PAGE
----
1914: Then Came Armageddon

Fragments from France

Selected cartoons from the various editions of Fragments from France by Captain Bruce Bairnsfather

About the Author

Captain Bruce Bairnsfather (1887-1959), a British artist and soldier, had extensive practical experience in the trenches, having joined the War in 1914. Bairnsfather was born into a British military family. Before joining the war, he enrolled in art school but left to pursue being an engineer and ultimately joined the military.  He spent much of his time actively fighting at the Western Front, sketching along the way. During his time in the rear to recover from wounds, he developed his skills as a cartoonist, which he then used to amuse his comrades beginning with his first publication in 1915.

Bairnsfather emerged as one of the most popular cartoonists of the First World War. His regular cartoon series about the soldier “Old Bill” was titled “Fragments from France” and appeared in the weekly publication The Bystander. Old Bill was a “Brit” that people back home could relate to and who displayed a calm, slightly humorous detachment from the mundane and dangerous life of soldiering. He was depicted as an elderly British man with a prominent mustache. Bairnsfather intended the drawings to be a humorous take on the “ingloriousness of war, its preposterous absurdity, and of its futility as a means of settling the affairs of nations” (Fragments from France).

Camera Portrait of Captain Bruce Bairnsfather

A Letter from the Editor of “The Bystander”

After the astounding success of the first edition of Bairnsfather’s cartoons, the editor of The Bystander commented on the necessity and impact of his work during the publication of the second collection of Bairnsfather’s cartoons titled Fragments from France.

“He has become a household word–or perhaps one should say a trench-hold word. Who is ever the worse for a laugh? Certainly not the soldier in trench or dug-out or shell-swept billet. Rather may it be said that the Bairnsfather laughter has acted in thousands of cases as an antidote to the bane of depression. It is the good fortune of the British Army to possess such an antidote, and the ill-fortune of the other belligerents that they do not possess its equivalent.”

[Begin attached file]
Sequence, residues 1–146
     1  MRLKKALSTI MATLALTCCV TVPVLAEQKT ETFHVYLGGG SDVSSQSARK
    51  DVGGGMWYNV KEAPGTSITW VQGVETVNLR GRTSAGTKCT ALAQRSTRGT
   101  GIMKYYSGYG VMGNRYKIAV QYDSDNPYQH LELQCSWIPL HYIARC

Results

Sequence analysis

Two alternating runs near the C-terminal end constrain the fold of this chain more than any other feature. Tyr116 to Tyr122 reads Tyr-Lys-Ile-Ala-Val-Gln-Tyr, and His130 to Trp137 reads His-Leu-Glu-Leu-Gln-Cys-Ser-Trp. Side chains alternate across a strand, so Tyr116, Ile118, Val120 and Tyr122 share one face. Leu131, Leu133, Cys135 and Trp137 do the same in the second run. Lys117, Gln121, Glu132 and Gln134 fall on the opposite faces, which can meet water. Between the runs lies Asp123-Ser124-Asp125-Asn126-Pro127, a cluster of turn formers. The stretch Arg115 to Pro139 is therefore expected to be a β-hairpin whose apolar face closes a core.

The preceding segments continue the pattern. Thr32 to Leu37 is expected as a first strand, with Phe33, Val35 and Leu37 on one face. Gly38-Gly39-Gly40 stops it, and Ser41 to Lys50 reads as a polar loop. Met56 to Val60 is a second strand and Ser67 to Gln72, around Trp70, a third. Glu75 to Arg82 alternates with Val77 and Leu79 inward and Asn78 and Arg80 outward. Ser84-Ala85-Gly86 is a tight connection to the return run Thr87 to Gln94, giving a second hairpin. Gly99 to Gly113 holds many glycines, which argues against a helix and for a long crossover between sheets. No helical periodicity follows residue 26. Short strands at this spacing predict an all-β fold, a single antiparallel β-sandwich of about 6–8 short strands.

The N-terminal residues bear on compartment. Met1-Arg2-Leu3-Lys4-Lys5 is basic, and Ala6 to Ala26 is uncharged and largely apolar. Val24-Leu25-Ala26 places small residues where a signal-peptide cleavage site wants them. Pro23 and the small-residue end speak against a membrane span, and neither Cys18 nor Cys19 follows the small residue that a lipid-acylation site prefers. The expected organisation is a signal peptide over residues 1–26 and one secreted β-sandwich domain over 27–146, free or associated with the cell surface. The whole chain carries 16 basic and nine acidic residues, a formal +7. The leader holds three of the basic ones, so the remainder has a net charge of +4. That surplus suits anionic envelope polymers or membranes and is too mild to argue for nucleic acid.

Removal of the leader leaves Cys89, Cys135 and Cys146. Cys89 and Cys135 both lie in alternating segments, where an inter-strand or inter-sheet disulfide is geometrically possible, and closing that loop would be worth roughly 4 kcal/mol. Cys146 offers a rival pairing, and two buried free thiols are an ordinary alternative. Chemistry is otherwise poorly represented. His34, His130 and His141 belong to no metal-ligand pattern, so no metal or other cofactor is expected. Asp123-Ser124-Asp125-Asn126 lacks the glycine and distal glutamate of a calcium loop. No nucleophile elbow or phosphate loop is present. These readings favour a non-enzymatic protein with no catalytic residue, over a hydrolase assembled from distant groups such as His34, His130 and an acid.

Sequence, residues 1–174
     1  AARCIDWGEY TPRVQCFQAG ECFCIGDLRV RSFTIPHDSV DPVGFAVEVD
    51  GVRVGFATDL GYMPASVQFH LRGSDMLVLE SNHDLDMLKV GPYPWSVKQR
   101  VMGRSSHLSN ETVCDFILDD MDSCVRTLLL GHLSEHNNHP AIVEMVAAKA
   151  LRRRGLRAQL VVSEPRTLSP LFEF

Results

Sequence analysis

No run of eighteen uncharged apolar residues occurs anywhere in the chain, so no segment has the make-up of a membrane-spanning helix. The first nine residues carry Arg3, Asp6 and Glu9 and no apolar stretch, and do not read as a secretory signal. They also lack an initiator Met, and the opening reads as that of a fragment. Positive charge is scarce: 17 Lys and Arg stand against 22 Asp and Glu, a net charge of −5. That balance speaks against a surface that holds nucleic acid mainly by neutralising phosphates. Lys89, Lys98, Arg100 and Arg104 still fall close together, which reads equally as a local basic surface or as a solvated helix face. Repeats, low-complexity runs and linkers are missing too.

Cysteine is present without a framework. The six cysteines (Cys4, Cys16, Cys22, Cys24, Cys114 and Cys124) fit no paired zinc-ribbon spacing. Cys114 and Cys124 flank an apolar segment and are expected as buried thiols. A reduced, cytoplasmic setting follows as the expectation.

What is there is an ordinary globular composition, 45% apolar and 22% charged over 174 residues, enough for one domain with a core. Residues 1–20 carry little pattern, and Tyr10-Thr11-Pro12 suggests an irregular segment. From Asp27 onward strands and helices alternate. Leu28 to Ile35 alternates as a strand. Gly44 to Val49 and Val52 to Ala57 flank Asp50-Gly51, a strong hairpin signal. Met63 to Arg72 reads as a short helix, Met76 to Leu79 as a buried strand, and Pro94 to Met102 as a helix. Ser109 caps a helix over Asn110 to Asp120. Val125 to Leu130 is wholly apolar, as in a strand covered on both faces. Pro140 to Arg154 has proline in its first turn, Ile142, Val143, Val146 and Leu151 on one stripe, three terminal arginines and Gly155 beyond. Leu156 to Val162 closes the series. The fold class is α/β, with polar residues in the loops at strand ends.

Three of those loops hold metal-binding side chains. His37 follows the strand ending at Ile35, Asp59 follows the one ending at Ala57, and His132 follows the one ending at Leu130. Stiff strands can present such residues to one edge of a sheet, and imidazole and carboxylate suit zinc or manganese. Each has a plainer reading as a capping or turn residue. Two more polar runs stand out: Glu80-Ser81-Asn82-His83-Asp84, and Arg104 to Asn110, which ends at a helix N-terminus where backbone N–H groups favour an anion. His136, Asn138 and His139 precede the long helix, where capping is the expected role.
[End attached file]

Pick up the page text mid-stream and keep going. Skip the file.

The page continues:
The Bystander's Fragments from France by Capt. Bruce Bairnsfather
First Edition of Fragments from France
Bruce Bairnsfather on the front lines, less than a quarter mile from the German trenches
Bruce Bairnsfather on the front lines, less than a quarter mile from the German trenches

Fragments from France Grows in Popularity Among the Soldiers

Bairnsfather received many positive reviews surrounding the satirical lens through which he portrayed the war. In a letter to Bairnsfather, a soldier wrote, “may I, with all deference, congratulate you on your humour, your fidelity, your something–else not easily defined–I mean your power of expressing in black and while a condition of mind” (Fragments from France).

Similarly, a Scots officer in the Edinburgh Evening News spotlighted how the Fragments from France were the “quintessence of life.” It described soldiers gathered together to laugh and enjoy the various publications of Bairnsfather’s work (Fragments from France).

Closer to UW-Madison, one  American Soldier, Dr. George H. Reddick from Wabeno, WI, explained, “Bert and Old Bill were two characteristics that you might find in any battalion. Rumor hath it that Old Bill was a character in the Warwicks that Bairnsfather picked for his model.”

Bairnsfather explained that he does “not claim any unique quality for these experiences. Many thousands have had the same. I merely, by request, made a record of my times” (Bullets and Billets). 

Second Edition of Fragments from France, titled More Fragments from France, by Capt. Bruce Bairnsfather
Second Edition of Fragments from France
"Well, if you knows of a better 'ole, go to it."

Bairnsfather’s Most Famous Work

In October 1915, Bairnsfather produced his most famous cartoon in his first edition of Fragments From France after being admitted to the hospital for shell shock. It was titled, “One of our minor wars – ‘Well, if you knows of a better ‘ole, go to it.’” Bairnsfather depicted two soldiers in a shell hole as other shells fly past them. Old Bill and another soldier are seen discussing shelter from the shells. Bairnsfather comments on the satirical battles of war by showcasing the conversations between soldiers seen in his conversation between Old Bill and his comrades. His dry wit makes light of these soldiers being stuck in no man’s land. The bickering between them provides a lightness to a rather bleak landscape of overhead shells exploding.